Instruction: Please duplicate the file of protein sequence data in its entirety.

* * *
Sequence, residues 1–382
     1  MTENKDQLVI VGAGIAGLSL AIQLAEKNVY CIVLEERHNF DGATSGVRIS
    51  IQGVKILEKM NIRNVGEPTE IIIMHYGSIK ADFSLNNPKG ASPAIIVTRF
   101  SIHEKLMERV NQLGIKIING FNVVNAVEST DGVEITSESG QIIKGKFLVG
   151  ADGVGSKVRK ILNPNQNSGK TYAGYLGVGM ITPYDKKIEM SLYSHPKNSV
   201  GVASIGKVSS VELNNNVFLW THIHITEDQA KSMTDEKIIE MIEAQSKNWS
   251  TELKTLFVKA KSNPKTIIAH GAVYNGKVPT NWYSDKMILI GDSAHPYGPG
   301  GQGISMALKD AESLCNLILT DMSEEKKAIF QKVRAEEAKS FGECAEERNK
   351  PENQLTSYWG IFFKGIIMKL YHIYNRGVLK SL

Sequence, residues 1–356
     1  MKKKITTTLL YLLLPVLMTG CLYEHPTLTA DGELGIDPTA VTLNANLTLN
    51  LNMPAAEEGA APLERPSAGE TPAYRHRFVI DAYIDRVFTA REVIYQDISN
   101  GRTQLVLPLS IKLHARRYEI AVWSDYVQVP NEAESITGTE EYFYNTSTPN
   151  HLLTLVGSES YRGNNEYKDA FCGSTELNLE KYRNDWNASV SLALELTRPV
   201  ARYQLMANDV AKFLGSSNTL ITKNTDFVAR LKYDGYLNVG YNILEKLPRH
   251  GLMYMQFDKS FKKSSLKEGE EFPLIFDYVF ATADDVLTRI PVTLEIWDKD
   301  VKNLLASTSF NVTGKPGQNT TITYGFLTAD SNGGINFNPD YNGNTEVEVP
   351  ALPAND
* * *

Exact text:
Sequence, residues 1–382
     1  MTENKDQLVI VGAGIAGLSL AIQLAEKNVY CIVLEERHNF DGATSGVRIS
    51  IQGVKILEKM NIRNVGEPTE IIIMHYGSIK ADFSLNNPKG ASPAIIVTRF
   101  SIHEKLMERV NQLGIKIING FNVVNAVEST DGVEITSESG QIIKGKFLVG
   151  ADGVGSKVRK ILNPNQNSGK TYAGYLGVGM ITPYDKKIEM SLYSHPKNSV
   201  GVASIGKVSS VELNNNVFLW THIHITEDQA KSMTDEKIIE MIEAQSKNWS
   251  TELKTLFVKA KSNPKTIIAH GAVYNGKVPT NWYSDKMILI GDSAHPYGPG
   301  GQGISMALKD AESLCNLILT DMSEEKKAIF QKVRAEEAKS FGECAEERNK
   351  PENQLTSYWG IFFKGIIMKL YHIYNRGVLK SL

Sequence, residues 1–356
     1  MKKKITTTLL YLLLPVLMTG CLYEHPTLTA DGELGIDPTA VTLNANLTLN
    51  LNMPAAEEGA APLERPSAGE TPAYRHRFVI DAYIDRVFTA REVIYQDISN
   101  GRTQLVLPLS IKLHARRYEI AVWSDYVQVP NEAESITGTE EYFYNTSTPN
   151  HLLTLVGSES YRGNNEYKDA FCGSTELNLE KYRNDWNASV SLALELTRPV
   201  ARYQLMANDV AKFLGSSNTL ITKNTDFVAR LKYDGYLNVG YNILEKLPRH
   251  GLMYMQFDKS FKKSSLKEGE EFPLIFDYVF ATADDVLTRI PVTLEIWDKD
   301  VKNLLASTSF NVTGKPGQNT TITYGFLTAD SNGGINFNPD YNGNTEVEVP
   351  ALPAND